Vanilla Fudge (Russian Fudge from New Zealand)

This vanilla fudge recipe will leave you with a really soft fudge with yummy hints of vanilla. Known as Russian fudge in New Zealand.


Prep Time

5 mins


20 mins

Total time

25 mins


17 squares (approx)

Really Easy Vanilla Fudge

Making fudge is always a fun activity. From the boiling of the sugar to beating until its thick – I love it! Of course, using a sugar thermometer always makes it a lot more predictable and consistent in the results. I can guarantee you that this recipe will do just that (it was tested 3 times after all!)

In New Zealand, vanilla fudge is also known as Russian fudge. It sounds a lot fancier doesn’t it? Although did you know that the recipe actually comes from Scotland! The Kiwis named it Russian fudge (for reasons unknown).

Fudge is a lovely treat to make as gifts for friends on birthdays or Christmas. It keeps for a long while if stored properly in a sealed container in a cool, dry place.

Why should I make Russian Fudge?

  • More predictable for setting as condensed milk is used
  • Really simple to make – a great first fudge recipe!
  • Lovely to give as a homemade gift, in little bags tied with string
vanilla fudge pieces

Ingredients for Russian Fudge

  • Caster sugar – sugar is the most essential ingredient to making fudge! Without it, it wouldn’t be fudge!
  • Whole milk – milk gives the fudge its creamy texture and is the base ingredient for the sugar to melt into.
  • Condensed milk – condensed milk is lower in moisture than standard milk, so it helps the fudge set quicker. It also has its own caramel-like flavour.
  • Unsalted butter – butter will give the fudge a soft, creamy texture and adds those buttery notes we all love!
  • Golden syrup – is what makes this recipe Russian fudge-style! The added golden syrup gives that extra sweetness and silky texture.
  • Vanilla extract – to give the taste of vanilla to the fudge.

Why is my fudge not setting?

You shouldn’t have any problems setting this easy fudge recipe as it contains condensed milk. However, if you do, or you’re making a more traditional recipe like my Caribbean Rum Fudge, you might need these tips.

The most common reason for fudge not setting is not bringing it up to the correct temperature. You may go to the fridge to find that your fudge is still really gloopy! This means that you didn’t get your fudge up to 116°c. Anything below and you’re risking it! This is why a sugar thermometer is crucial!

Russian Fudge pieces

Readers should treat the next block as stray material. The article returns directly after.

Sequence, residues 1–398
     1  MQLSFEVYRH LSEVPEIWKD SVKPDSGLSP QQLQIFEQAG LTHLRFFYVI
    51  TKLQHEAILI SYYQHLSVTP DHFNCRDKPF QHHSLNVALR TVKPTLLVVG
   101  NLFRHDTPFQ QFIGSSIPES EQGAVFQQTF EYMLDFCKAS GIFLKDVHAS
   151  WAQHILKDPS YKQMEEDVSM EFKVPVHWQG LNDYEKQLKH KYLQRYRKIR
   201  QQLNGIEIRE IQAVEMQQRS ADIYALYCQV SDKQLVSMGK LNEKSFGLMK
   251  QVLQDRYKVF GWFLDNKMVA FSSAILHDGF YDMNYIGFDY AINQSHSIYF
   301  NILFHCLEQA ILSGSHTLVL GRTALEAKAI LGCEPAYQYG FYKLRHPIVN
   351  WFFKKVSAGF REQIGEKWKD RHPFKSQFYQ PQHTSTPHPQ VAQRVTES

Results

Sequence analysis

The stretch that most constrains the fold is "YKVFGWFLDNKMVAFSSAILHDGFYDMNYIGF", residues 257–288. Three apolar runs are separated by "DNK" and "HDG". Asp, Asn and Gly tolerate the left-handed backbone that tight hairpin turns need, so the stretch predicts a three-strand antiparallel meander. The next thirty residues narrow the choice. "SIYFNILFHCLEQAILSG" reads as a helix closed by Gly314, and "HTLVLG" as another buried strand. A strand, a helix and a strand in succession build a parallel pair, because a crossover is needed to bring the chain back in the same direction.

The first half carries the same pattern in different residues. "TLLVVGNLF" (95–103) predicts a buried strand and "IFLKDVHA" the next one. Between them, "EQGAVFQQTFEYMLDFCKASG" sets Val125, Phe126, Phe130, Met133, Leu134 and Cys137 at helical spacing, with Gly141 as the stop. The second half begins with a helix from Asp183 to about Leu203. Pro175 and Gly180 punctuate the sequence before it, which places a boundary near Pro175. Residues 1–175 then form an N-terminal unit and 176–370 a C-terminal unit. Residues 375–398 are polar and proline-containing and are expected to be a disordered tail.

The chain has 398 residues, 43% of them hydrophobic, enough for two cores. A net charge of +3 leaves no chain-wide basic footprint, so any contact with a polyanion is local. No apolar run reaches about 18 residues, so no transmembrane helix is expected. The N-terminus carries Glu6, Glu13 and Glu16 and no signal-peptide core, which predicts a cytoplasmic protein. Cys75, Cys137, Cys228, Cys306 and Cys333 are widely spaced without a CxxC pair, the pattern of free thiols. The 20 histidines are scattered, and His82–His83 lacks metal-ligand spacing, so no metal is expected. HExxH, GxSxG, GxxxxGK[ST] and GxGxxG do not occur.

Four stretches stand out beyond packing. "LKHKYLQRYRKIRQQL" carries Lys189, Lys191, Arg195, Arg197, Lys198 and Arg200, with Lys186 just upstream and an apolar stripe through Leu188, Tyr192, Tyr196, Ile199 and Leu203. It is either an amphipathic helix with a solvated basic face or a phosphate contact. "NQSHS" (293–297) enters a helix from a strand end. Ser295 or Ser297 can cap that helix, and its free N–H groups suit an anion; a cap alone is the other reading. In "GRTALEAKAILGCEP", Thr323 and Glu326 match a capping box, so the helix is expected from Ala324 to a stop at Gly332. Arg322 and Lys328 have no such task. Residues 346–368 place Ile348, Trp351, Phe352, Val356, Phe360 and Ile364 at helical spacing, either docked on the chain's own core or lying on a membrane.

Equipment Needed

How long should I beat my fudge?

When you first begin beating your fudge, it’ll be glossy and still quite runny. You want to beat your fudge until it appears dull in colour and it starts to thicken. This should take around 5-10 minutes. To achieve the best results (no graininess) cool your fudge slightly before beating.

Fudge-making tips

  • Stirring the fudge too much whilst it’s boiling will making the sugar crystallise too much – try not to!
  • The use of a sugar thermometer will ensure you don’t go over 116 degrees and end up with a hard fudge/or under and end up with a fudge that doesn’t set!
  • Beat the fudge using a wooden spoon – it’s easier and the traditional way.
  • Pour the fudge immediately after you’ve beaten it, or else it will cool in the pan and you won’t get it back out!
vanilla fudge in a pile

Vanilla Fudge (Russian Fudge from New Zealand)

This vanilla fudge recipe will leave you with a really soft fudge with yummy hints of vanilla. Known as Russian fudge in New Zealand.
5 from 1 vote
Prep Time 5 mins
Cook Time 20 mins
Total Time 25 mins
Course Confectionary
Cuisine New Zealand
Servings 17 squares
Calories 112 kcal


  • 330 g caster sugar
  • 50 ml whole milk
  • 50 ml condensed milk
  • 50 g unsalted butter
  • 1 tbsp golden syrup
  • 1 tsp vanilla extract


  • Butter and line your 23cm x 23cm square tin.
  • Pour the sugar and milk into the pan. Heat until the sugar has dissolved. Add the condensed milk, butter, golden syrup and vanilla. On a low heat, stir until butter has melted and all combined.
  • Turn up the heat to medium and boil the mixture until it reaches 116°c (soft ball).
  • Remove from the heat and cool slightly (about 15 mins). Using a wooden spoon, beat the mixture until it thickens and appears dull in colour. This takes about 5-10 mins.
  • Pour into your tin and cool until it sets. Once it has set, carefully remove and cut into squares.


Storage – You can store your fudge in the fridge for 2-3 weeks. You can also store your fudge in a cool, dry place, in a sealed container. 
Freezing – I haven’t personally frozen my fudge but according to Nigella, you can freeze your fudge in a large block wrapped in cling film and foil, for around 6 weeks.


Calories: 112kcalCarbohydrates: 22gProtein: 1gFat: 3gSaturated Fat: 2gTrans Fat: 1gCholesterol: 8mgSodium: 6mgPotassium: 16mgSugar: 22gVitamin A: 86IUVitamin C: 1mgCalcium: 13mgIron: 1mg
Keyword Easy, Homemade gifts, Vanilla
Tried this recipe?Let us know how it was!

More homemade confectionary recipes –

Buttery, Rum Fudge from the Caribbean
Chocolate Honeycomb from New Zealand

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